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Publication numberUS6268815 B1
Publication typeGrant
Application numberUS 09/517,979
Publication dateJul 31, 2001
Filing dateMar 3, 2000
Priority dateJun 15, 1999
Fee statusPaid
Publication number09517979, 517979, US 6268815 B1, US 6268815B1, US-B1-6268815, US6268815 B1, US6268815B1
InventorsMikael Gustavsson, Nianxiong Tan
Original AssigneeGlobespan, Inc.
Export CitationBiBTeX, EndNote, RefMan
External Links: USPTO, USPTO Assignment, Espacenet
High performance switched-capacitor filter for oversampling sigma-delta digital to analog converters
US 6268815 B1
Abstract
An improved SC filter for OSDACs for asynchronous digital subscriber line (ADSL) applications. More specifically, an improved switched-capacitance (SC) filter for an over-sampled digital to analog converter intended for use in a multi-mode analog front end for a host of ADSL applications. The SC filter is configured for low power consumption and for a low-ambient noise floor across the frequencies of interest. The SC filter is further configured to drive a resistive load of a few kohms and for low signal distortion. The SC filter lowers power consumption by decimating the input waveform and reducing the number of operational amplifiers in the circuit.
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Claims(14)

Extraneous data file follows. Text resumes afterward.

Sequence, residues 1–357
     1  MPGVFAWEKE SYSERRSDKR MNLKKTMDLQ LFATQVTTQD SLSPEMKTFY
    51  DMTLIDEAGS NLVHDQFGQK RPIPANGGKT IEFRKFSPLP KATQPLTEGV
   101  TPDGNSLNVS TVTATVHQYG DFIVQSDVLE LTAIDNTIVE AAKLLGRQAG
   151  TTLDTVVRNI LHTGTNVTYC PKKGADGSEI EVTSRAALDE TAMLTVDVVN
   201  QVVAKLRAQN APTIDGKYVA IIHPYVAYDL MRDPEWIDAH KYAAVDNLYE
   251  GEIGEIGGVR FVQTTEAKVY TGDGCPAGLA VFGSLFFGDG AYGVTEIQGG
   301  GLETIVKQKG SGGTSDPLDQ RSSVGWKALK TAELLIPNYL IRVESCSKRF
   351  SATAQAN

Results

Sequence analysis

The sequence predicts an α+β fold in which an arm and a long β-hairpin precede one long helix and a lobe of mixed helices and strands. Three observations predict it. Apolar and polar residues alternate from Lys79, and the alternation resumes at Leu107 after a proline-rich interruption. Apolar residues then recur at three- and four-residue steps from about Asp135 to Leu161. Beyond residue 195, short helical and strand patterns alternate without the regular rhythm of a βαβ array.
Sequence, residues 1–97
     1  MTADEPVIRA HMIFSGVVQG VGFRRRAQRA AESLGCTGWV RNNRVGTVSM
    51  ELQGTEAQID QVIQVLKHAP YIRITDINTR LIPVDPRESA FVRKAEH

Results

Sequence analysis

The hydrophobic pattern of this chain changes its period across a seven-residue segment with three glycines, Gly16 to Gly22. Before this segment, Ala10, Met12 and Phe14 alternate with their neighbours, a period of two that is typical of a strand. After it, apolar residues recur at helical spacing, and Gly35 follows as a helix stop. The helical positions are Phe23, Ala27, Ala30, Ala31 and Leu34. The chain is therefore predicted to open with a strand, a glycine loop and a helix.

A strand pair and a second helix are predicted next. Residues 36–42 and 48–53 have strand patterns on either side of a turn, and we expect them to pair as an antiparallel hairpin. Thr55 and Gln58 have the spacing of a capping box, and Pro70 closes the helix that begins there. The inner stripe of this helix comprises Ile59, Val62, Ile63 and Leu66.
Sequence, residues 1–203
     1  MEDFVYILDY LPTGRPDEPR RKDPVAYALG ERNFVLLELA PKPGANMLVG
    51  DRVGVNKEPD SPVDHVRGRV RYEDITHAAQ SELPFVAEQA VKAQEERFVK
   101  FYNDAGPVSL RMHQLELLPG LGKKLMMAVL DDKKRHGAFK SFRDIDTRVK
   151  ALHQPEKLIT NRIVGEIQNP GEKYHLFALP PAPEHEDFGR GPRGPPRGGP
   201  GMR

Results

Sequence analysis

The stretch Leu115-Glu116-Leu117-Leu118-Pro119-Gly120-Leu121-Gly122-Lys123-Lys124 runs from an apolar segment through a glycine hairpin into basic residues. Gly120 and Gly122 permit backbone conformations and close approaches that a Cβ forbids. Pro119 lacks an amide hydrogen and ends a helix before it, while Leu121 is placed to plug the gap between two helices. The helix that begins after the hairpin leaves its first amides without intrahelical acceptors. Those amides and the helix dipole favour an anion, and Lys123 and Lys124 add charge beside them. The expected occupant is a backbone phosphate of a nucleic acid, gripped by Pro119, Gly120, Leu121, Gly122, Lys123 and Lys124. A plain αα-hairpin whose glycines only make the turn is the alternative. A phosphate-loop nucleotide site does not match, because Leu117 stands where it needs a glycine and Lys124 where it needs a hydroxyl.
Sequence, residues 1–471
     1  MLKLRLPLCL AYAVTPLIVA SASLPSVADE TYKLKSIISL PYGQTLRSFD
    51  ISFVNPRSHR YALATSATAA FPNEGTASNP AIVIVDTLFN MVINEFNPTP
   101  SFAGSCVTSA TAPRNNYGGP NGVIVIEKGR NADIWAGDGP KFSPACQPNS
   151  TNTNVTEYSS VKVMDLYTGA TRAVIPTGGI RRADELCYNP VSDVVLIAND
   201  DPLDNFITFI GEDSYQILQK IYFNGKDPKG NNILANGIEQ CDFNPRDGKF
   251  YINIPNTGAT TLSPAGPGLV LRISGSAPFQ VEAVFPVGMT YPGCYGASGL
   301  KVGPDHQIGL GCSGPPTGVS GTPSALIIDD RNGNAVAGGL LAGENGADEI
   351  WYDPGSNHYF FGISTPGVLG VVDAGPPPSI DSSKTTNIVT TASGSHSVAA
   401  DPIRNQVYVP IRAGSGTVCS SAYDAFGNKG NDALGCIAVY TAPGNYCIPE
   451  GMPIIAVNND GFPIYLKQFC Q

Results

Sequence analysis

What is claimed is:
1. A filter for oversampling Sigma-Delta digital to analog converter circuits capable of accommodating different digital subscriber line applications, comprising:
a SINC filter that decimates a digital data input signal by a predetermined factor of an over-sampling ratio utilized by a Sigma-Delta modulator and further uses positive and negative reference voltages in combination with bottom-plate switched-capacitors to avoid a signal dependent load on reference buffers;
a switched-capacitor biquad filter having a programmable cut-off frequency which tracks the over-sampling ratio; and
a sample and hold buffer.
2. The filter of claim 1, wherein capacitor switching is applied in response to the applicable digital subscriber line application mode.
3. The filter of claim 1, wherein an operational amplifier from the sample and hold buffer is configured to directly drive a smoothing filter.